As a temporal frame of reference, as bad as this winter flu season may be, we thankfully will not approach that trans-continental epidemic of the 1918 Spanish Influenza which clobbered half a billion folks (1/3 of the world population)! Mortality linked to that H1N1 influenza (flu) viruses sadly equated to 3%-5% of the global population. Yikes! And this “avian” microbe triggered high mortality rates for otherwise healthy adults (aged 20-40), such as U.S. “doughboys.” Our country buried ½ million flu victims in 1918-1919. As our Centers for Disease Control and Prevention (CDC) experts share, this sharply lowered the overall US life expectancy by twelve (12!) years. Then, there were no vaccines of any merit, and no antibiotics to address secondary bacterial infections which often occurred in weakened hosts. Isolation, quarantine, and prayer were responses for those infected. Time-machine…
Oh, that KaBoomers and Novo-viruses would never meet today or tomorrow! Likewise, for young ones, people with immunity gaps or chronic conditions, and old folks [many with chronic conditions] who seem to take these infections the worst of all age groups in our modern times.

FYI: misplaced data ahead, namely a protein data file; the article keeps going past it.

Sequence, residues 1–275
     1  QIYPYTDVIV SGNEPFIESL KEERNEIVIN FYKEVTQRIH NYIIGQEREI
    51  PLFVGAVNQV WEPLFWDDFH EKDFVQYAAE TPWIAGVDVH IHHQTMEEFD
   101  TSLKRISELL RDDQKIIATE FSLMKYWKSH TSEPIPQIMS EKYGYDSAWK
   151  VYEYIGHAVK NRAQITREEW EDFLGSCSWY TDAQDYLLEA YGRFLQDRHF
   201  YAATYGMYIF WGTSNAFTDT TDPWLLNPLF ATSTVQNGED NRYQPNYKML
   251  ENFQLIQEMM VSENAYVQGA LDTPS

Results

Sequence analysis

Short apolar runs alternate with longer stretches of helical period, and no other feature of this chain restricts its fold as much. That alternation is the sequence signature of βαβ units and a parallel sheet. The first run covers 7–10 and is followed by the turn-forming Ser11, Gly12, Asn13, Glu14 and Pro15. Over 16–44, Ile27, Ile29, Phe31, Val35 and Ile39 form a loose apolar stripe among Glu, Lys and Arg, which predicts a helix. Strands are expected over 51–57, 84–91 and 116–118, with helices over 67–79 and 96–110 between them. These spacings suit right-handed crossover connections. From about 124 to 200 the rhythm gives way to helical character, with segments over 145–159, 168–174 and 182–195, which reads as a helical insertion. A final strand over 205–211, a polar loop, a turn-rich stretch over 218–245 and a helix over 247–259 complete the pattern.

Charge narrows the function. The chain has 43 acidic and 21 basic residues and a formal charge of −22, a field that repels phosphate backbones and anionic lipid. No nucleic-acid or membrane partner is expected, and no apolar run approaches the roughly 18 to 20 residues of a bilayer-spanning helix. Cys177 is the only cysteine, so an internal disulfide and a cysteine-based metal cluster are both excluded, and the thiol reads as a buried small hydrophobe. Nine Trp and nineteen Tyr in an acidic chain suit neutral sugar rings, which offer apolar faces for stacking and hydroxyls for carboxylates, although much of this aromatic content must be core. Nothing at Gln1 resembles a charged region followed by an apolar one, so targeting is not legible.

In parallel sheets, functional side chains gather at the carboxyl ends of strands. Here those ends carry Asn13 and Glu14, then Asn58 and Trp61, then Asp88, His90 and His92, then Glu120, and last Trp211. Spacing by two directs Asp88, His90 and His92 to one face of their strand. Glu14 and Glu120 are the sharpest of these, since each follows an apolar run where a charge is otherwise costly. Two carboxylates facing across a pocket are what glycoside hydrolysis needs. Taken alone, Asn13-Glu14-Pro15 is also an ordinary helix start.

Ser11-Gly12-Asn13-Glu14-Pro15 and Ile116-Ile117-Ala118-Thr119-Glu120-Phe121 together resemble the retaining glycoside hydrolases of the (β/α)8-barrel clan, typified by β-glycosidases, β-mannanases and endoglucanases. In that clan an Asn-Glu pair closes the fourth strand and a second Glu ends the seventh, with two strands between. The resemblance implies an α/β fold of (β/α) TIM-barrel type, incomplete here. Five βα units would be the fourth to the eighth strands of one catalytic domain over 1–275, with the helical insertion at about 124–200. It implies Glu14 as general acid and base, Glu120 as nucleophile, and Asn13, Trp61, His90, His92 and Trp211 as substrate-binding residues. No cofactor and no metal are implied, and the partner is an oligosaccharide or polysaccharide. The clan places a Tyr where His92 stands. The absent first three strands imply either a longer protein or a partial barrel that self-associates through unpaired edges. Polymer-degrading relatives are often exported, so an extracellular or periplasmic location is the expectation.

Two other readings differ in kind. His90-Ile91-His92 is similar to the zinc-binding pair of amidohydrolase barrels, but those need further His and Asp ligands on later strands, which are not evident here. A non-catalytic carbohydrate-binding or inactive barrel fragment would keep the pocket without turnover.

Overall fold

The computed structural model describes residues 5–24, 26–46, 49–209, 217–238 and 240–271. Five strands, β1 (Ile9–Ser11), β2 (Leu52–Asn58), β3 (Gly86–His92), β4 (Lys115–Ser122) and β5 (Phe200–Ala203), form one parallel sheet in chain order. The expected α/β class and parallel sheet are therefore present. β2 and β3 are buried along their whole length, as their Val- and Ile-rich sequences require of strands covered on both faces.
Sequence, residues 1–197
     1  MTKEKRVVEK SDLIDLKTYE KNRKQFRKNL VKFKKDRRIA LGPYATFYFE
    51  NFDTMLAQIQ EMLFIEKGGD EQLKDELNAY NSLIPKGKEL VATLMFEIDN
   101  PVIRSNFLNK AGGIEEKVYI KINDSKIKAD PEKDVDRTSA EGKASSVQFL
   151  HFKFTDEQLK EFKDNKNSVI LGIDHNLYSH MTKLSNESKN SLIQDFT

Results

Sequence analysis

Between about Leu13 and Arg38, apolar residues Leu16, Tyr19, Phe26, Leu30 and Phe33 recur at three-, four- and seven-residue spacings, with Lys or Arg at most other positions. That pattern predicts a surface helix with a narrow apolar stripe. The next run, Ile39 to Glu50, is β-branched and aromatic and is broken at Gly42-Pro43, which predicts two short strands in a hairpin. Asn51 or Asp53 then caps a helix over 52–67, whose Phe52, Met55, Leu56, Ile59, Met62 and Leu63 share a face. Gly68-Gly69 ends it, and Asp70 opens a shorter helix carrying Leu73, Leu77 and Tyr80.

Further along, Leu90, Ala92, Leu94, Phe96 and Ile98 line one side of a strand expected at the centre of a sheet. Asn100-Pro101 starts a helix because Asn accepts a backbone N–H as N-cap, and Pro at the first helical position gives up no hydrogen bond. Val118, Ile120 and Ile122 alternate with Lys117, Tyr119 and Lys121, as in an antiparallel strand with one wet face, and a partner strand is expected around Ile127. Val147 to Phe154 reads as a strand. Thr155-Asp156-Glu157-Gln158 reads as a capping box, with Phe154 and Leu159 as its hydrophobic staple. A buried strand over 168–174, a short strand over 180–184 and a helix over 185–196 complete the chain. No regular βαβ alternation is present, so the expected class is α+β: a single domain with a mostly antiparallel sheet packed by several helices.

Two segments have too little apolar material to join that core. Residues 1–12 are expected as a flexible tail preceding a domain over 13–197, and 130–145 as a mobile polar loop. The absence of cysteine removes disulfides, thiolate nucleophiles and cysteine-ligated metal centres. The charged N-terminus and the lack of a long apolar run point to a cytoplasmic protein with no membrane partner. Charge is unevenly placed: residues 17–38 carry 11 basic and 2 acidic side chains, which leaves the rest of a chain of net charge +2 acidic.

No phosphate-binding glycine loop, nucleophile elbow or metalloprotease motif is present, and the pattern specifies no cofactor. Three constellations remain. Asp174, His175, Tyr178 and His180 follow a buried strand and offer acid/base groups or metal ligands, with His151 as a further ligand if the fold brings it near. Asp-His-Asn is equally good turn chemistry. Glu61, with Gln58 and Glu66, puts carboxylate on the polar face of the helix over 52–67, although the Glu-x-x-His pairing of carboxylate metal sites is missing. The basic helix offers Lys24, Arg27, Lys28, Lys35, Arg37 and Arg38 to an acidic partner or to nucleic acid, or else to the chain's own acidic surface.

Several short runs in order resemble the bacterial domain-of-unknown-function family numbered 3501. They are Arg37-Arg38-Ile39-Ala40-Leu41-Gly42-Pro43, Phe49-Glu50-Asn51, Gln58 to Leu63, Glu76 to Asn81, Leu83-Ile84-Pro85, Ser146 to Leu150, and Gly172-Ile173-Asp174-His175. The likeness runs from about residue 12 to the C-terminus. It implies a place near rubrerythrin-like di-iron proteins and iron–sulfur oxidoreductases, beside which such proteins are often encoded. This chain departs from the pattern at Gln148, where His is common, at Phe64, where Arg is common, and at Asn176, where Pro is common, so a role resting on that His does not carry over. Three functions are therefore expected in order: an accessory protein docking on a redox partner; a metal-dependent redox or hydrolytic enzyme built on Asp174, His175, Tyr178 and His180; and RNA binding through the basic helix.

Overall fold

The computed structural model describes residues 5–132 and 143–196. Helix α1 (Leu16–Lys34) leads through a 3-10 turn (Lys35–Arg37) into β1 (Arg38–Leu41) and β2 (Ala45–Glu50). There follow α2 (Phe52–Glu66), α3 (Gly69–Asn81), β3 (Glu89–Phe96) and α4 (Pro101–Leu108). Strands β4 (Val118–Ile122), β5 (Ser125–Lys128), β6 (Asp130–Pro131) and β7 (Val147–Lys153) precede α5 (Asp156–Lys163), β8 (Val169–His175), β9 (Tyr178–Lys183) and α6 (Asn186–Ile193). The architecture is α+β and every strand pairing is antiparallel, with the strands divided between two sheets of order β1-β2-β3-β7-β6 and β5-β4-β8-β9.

How persistent are these pesky microbes, and what are the main vector paths for those of us who get invaded? And importantly – can we outwit these oppressive microbes? Health.com’s January-February edition of Men’s Health offers “knowledge as power” to better our out-thinking chances against ‘em.
This source advises that influenza, as an airborne pathogen, survives for an hour before landing on a hard surface. After landing, the pathogen can survive for another ~ 8 hours. This is one reason for serious handwashing (for as long as it takes you to sing two rounds of Happy Birthday), and to cough into an elbow as a “vampire” cough… Hand towels? Those remain buggy for a couple hours. Oy!
Here are other valid defenses to avoid, or to minimize invasion attempts of influenza. Everyday preventative actions:
- Physical scrubbing of hands is the best as a first response. Alcohol-based hand sanitizers and wipes are a second defensive measure.
- Location, location, location! Influenza is transmitted via airborne droplets and surface contacts more in your pantry or kitchen than in a bathroom environment! Remember: hand/mouth links are significant, so wash hands well after touching an office’s or home kitchen’s coffee pot handle.
- Cell phones! These indispensable devices may have order-of-magnitude greater microbe concentrations than “most” toilet seats. 10-fold! Dr. Germ (Charles Gerba) reminds us that you get a double whammy when you use your cell phone in the bathroom!!